They are known to feed on surface insects and crustaceans like freshwater shrimp and territorial insects. Golden trout feed during the period between May and September, when these insects are usually available.

Golden trout can be typically found in high-altitude rivers and freshwater lakes in mountainous regions in the Western United States. This includes cities like Idaho, Wyoming, California, and Washington.

Brown Trout

A small brown trout waiting to be released.

Brown trout is a European trout species that was brought to North America from Germany. Even though they are called brown trout, this trout species is not always brown. Their color may vary from silver to golden, depending on their habitat.

Despite the difference in color, brown trout have common characteristics that make them easily recognizable. They usually have reddish-orange spots with silver rings around them. Brown trout also have a salmon-like appearance, as they are closely related to the Atlantic salmon.

Brown trout are categorized into subspecies based on their habitat. Brown trout that live in rivers and lakes are called river trout and lake trout. Anadromous brown trout on the other hand are called sea trout.

A close-up of a brown trout.

You can find brown trout in British Columbia and Alberta in Canada, and California and Colorado in the United States.

Lake Trout

Lake trout is a trout species that belongs to the Char family, being the biggest of them. Not only are lake trout big, but they are also deep water fish.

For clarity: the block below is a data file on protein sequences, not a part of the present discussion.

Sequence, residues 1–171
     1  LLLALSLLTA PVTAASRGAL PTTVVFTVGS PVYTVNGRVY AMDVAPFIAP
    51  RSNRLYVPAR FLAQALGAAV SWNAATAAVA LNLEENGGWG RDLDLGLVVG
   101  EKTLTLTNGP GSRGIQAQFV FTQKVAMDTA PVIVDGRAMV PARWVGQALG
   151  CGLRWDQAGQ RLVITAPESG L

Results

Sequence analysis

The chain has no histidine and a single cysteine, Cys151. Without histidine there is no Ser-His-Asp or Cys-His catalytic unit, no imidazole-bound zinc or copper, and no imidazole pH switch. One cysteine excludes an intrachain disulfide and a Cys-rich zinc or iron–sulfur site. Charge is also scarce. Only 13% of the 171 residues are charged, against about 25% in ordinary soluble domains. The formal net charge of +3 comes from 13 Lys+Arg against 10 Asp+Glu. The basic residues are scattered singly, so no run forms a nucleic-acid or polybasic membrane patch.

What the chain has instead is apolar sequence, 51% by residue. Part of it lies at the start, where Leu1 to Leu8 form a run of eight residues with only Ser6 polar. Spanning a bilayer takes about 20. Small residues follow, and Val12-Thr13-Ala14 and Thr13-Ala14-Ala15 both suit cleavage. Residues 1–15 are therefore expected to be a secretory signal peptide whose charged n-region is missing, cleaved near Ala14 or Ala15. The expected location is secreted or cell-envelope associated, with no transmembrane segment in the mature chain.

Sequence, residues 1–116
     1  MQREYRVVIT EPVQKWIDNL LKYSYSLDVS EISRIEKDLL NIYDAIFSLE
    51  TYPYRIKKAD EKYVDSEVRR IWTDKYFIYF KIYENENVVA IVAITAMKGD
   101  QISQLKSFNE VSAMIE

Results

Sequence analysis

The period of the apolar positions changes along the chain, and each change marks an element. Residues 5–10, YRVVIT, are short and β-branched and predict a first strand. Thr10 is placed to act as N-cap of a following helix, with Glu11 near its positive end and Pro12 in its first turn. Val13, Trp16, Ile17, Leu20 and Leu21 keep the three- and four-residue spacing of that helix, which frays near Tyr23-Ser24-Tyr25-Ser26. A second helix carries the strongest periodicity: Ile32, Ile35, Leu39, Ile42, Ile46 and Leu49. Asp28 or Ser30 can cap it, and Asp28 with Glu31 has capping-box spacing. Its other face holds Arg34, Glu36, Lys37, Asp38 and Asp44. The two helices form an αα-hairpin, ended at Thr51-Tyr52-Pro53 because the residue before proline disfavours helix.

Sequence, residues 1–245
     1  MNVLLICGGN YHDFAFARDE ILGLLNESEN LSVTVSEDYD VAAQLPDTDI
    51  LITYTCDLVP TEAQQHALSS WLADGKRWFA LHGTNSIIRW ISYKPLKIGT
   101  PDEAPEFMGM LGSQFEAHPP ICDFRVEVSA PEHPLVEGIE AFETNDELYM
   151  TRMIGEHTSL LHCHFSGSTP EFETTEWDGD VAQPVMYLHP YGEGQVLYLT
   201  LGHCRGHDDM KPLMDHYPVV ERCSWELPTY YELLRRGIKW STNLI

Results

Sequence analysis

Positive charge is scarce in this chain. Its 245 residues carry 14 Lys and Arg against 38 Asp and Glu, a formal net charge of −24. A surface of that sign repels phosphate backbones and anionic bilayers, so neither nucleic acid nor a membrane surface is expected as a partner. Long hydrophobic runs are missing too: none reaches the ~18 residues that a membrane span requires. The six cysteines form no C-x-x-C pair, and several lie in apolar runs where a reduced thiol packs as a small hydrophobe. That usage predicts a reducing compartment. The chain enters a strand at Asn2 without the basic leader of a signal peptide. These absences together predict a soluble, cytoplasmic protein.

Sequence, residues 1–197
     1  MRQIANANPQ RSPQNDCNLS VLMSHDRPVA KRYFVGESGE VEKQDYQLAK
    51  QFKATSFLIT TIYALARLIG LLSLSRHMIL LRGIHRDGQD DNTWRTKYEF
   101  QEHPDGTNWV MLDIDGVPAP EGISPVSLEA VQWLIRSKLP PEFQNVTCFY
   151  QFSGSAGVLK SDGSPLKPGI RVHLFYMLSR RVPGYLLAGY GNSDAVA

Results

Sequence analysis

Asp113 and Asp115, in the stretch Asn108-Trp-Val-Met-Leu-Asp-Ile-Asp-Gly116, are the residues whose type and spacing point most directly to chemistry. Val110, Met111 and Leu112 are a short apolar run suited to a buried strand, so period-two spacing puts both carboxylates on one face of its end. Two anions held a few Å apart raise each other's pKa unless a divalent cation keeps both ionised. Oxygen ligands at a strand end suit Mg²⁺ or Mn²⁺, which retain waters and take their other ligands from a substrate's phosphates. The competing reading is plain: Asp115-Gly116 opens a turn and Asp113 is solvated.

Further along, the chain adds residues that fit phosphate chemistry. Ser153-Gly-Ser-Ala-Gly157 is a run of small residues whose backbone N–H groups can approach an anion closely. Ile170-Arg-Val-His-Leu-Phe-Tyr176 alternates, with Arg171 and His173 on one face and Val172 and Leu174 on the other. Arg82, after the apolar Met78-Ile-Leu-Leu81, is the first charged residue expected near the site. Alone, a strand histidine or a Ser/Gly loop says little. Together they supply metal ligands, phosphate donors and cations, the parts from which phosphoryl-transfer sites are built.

Lake trout are notable for their size but that is not their only unique feature. They also have creamy spots on their skin as well as a forked tail which makes them easy to spot. Lake trout have a lot of nicknames that include Mackinaw,  Togue, Grey Trout, and more.

You can be sure of finding lake trout in the Northeastern part of the United States, as well as the Great Lakes, Alaska, and Canada.

Brook Trout

Brook trout are commonly referred to as mud trout or speckled trout. This is because of the white edges on their lower fins, and worm-like markings on their head and back.

While brook trout are native trout from North America, they can be found around the world today in places like Europe, Australia, and New Zealand.

Brook trout is typically small and can be found in clean and cold habitats, as they need a high level of oxygen to survive. You can find brook trout in the Great Lakes, Arctic Sea, and the Appalachian Mountains.

Bull Trout

Bull trout get their name from their large head and mouth. They have olive coloring with red and orange dots on their sides. You can also find a white leading edge on their fins and yellow spots on their back.